But all of those accommodations and extras are weighty, which means that all but the smallest RVs are pretty serious gas guzzlers. Case in point: The largest Class A motorhomes get as little as 4-6 miles to the gallon.

If you’re hoping to save at the pump, consider taking a vacation closer to home or narrowing down to a single destination. Not only will you spend less money on gas, you’ll also spend less of your time driving.

Campsite Accommodation Costs

Many people think you can load up into an RV, hit the road and just pull off to the side when you’re ready to catch some sleep.

But in most cases, that’s not true. Although some rest stops and big box store parking lots allow overnight RV parking, many do not. Besides, do you really want to spend your vacation sleeping under the glare of 24/7 floodlights?

The most comfortable campgrounds — the ones where you can hook up to electricity, water, and sewer connections — can cost a pretty penny, especially in highly sought-after destinations. Malibu Beach may be an extreme example, but during peak seasons, you’re looking at about $100 per night for a basic site, and up to $230 for a premium location. (Remember, that’s on top of your rental price. And fuel.)

A woman makes coffee in her travel trailer.

But you can find resort-style accommodations for $35 to $50 per night, often with discounts available for veterans, military members or those staying a week or longer. There are also a variety of camping discount clubs that can help you score lower-cost campground accommodations.

You’ll also want to look into state parks, which often offer RV sites with hookups for prices much lower than privately owned campgrounds (though they may not have a cell signal).

Finally, there are places you can camp for free (or super cheap), but even in an RV, you’ll kind of be roughing it. On BLM-managed land and in certain other wilderness locations, you can do “dispersed” camping, otherwise known as “boondocking” or “dry camping” — basically, camping without any hookups.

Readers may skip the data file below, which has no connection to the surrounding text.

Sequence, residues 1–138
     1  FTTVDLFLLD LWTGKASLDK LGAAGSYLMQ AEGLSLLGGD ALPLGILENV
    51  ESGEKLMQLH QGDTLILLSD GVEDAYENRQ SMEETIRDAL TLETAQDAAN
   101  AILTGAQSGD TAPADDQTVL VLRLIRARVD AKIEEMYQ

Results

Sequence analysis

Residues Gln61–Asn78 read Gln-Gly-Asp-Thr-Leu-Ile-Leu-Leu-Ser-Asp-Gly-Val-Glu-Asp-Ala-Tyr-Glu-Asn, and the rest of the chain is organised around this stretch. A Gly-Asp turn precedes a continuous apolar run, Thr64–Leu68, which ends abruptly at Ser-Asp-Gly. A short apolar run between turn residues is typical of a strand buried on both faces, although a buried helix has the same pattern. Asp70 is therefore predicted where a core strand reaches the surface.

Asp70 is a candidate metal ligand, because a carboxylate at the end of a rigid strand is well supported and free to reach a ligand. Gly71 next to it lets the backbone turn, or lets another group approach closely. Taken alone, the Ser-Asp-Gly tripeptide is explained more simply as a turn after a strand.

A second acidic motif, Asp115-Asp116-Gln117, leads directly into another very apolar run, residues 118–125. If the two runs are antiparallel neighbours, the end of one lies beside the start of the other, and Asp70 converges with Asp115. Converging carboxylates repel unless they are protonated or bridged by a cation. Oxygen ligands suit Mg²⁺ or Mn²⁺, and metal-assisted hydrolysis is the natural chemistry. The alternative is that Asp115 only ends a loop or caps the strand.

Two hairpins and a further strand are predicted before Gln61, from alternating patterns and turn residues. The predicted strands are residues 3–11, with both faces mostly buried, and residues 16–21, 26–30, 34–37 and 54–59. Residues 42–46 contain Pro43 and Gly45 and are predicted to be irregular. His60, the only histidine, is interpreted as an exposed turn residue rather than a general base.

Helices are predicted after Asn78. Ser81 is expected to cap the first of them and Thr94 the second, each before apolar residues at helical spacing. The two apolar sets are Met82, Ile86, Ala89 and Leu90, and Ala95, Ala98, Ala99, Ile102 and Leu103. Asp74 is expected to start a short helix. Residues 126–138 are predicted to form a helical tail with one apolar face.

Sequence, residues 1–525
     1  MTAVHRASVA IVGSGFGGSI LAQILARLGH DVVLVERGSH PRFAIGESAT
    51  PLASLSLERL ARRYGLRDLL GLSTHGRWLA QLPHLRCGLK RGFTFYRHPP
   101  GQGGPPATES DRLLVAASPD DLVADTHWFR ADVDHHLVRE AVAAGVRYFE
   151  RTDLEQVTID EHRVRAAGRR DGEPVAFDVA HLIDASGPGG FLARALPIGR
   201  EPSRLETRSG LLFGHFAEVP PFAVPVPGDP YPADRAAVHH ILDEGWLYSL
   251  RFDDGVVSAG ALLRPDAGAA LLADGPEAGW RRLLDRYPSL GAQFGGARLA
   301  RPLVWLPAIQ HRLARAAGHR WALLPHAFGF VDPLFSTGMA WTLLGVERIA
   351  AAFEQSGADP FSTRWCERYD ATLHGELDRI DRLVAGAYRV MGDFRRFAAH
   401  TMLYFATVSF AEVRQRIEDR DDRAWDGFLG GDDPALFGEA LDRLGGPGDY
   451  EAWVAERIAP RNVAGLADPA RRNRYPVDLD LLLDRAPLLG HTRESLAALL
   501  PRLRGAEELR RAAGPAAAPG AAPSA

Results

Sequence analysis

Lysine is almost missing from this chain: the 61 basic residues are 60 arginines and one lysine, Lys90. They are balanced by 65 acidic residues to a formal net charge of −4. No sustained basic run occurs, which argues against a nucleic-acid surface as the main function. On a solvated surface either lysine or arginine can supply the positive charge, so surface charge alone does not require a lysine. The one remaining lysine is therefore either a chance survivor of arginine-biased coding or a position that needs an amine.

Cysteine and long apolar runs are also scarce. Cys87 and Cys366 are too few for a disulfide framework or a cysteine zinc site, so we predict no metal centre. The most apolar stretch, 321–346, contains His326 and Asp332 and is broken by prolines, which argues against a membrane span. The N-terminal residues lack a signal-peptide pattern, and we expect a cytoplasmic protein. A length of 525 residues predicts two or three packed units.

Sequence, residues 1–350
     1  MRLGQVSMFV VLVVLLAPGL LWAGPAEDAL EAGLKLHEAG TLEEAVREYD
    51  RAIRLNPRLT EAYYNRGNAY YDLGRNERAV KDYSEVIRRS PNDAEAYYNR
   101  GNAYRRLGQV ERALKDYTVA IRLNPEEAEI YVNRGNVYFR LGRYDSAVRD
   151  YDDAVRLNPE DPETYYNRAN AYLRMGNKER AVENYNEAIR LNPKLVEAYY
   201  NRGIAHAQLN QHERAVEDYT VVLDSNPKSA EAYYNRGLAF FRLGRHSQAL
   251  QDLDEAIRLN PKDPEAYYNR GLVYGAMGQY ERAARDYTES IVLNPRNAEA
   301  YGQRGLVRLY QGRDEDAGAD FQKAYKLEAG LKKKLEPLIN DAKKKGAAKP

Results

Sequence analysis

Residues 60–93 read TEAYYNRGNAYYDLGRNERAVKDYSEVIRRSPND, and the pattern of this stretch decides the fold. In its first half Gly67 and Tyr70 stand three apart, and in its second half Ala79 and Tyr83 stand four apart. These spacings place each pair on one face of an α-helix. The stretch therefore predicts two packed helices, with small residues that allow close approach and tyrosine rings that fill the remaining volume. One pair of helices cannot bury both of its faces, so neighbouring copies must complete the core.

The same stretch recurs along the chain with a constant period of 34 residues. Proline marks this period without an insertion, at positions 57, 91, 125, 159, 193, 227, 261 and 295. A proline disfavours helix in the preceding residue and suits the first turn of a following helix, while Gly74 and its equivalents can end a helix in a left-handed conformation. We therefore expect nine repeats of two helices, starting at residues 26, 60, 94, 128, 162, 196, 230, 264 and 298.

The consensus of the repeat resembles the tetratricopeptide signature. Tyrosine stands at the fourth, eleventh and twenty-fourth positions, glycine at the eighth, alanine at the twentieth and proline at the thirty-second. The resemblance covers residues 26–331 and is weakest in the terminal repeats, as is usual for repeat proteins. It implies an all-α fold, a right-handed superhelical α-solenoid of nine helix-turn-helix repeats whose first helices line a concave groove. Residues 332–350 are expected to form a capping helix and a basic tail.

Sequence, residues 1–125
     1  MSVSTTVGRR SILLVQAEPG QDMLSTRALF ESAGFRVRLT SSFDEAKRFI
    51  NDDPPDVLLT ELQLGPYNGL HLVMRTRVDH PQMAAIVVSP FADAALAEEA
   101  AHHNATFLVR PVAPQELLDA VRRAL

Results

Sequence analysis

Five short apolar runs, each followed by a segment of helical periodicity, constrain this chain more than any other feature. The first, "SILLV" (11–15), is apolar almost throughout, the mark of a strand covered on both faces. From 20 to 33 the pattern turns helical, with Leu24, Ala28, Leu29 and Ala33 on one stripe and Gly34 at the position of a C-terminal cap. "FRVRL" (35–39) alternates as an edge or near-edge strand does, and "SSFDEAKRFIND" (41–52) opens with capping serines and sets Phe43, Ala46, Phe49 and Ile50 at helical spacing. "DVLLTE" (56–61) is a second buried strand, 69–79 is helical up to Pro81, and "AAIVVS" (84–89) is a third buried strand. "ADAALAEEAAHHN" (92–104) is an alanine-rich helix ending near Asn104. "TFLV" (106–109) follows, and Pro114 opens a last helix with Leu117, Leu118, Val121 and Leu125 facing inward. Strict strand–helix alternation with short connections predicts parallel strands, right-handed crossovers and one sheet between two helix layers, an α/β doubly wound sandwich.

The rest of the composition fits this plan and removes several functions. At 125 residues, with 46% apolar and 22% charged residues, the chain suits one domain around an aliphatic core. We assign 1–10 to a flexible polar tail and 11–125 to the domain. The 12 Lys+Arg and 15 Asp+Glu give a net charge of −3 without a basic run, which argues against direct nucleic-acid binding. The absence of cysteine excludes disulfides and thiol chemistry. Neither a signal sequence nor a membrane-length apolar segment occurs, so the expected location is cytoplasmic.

But you need to check ahead of time to make sure that cool-looking space is actually okay to park in and not privately owned. There isn’t always appropriate signage, and if you accidentally end up in someone’s backyard, you may be asked to move or even ticketed. Some great resources for finding spots include Campendium and FreeCampsites.net.

FROM THE SAVE MONEY FORUM
No spend challenge
12/14/20 @ 2:48 PM
Debi Hoyt
Saving money
12/7/20 @ 1:17 AM
r
Credit Karma Savings Account
10/15/20 @ 12:02 PM
Leslie Kay
See more in Save Money or ask a money question

Maintenance and Storage

If you buy an RV, you should be prepared for costs associated with maintenance — and, if you can’t park it on your own property, storage. In Portland, Oregon, I pay $75 a month to keep my travel trailer in an uncovered lot. More desirable, secure storage is almost $200.

Then there are the maintenance costs of both the vehicular and household systems of an RV, which need regular upkeep. Doing it yourself may be time intensive, but even a minor trip to the repair shop can mean a major bill.

It’s best if you already have a place in mind to keep it — and the initiative to learn some DIY mechanics. There’s a YouTube tutorial for most RV repair and maintenance basics.

Overall, the great thing about RVing is that the expenses are easily modified to fit almost any budget — you may just have to rethink which RV you drive, where you’re going and how you’ll be staying once you get there.

Jamie Cattanach’s work has been featured at Fodor’s, Yahoo, SELF, The Huffington Post, The Motley Fool and other outlets. Learn more at www.jamiecattanach.com.

This was originally published on The Penny Hoarder, which helps millions of readers worldwide earn and save money by sharing unique job opportunities, personal stories, freebies and more. The Inc. 5000 ranked The Penny Hoarder as the fastest-growing private media company in the U.S. in 2017.

Source: thepennyhoarder.com




top